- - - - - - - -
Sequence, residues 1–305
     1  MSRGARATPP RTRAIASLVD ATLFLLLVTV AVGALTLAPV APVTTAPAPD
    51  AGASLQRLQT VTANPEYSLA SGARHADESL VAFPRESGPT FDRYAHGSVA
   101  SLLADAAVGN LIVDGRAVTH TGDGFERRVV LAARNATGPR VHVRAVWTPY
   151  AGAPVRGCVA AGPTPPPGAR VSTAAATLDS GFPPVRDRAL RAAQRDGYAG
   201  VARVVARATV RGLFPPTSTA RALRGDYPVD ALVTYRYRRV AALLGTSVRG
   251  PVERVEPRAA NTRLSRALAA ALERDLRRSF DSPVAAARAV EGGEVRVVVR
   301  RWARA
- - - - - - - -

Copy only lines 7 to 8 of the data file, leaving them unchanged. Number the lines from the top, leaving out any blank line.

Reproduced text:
   251  PVERVEPRAA NTRLSRALAA ALERDLRRSF DSPVAAARAV EGGEVRVVVR
   301  RWARA